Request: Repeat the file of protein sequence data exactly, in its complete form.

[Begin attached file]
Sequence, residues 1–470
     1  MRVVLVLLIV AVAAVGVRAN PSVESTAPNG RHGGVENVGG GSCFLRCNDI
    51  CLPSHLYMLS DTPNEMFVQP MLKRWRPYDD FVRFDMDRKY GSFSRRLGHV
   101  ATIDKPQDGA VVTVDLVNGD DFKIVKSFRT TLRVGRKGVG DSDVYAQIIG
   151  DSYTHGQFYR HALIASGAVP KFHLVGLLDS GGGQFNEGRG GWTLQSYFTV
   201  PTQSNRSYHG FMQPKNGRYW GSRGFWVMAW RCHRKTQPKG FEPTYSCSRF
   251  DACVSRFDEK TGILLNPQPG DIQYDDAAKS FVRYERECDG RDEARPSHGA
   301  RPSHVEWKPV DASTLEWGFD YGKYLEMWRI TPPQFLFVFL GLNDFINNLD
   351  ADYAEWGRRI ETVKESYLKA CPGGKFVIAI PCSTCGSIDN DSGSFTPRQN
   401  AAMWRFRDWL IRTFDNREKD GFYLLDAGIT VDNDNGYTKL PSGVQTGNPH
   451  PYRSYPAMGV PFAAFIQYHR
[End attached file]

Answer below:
Sequence, residues 1–470
     1  MRVVLVLLIV AVAAVGVRAN PSVESTAPNG RHGGVENVGG GSCFLRCNDI
    51  CLPSHLYMLS DTPNEMFVQP MLKRWRPYDD FVRFDMDRKY GSFSRRLGHV
   101  ATIDKPQDGA VVTVDLVNGD DFKIVKSFRT TLRVGRKGVG DSDVYAQIIG
   151  DSYTHGQFYR HALIASGAVP KFHLVGLLDS GGGQFNEGRG GWTLQSYFTV
   201  PTQSNRSYHG FMQPKNGRYW GSRGFWVMAW RCHRKTQPKG FEPTYSCSRF
   251  DACVSRFDEK TGILLNPQPG DIQYDDAAKS FVRYERECDG RDEARPSHGA
   301  RPSHVEWKPV DASTLEWGFD YGKYLEMWRI TPPQFLFVFL GLNDFINNLD
   351  ADYAEWGRRI ETVKESYLKA CPGGKFVIAI PCSTCGSIDN DSGSFTPRQN
   401  AAMWRFRDWL IRTFDNREKD GFYLLDAGIT VDNDNGYTKL PSGVQTGNPH
   451  PYRSYPAMGV PFAAFIQYHR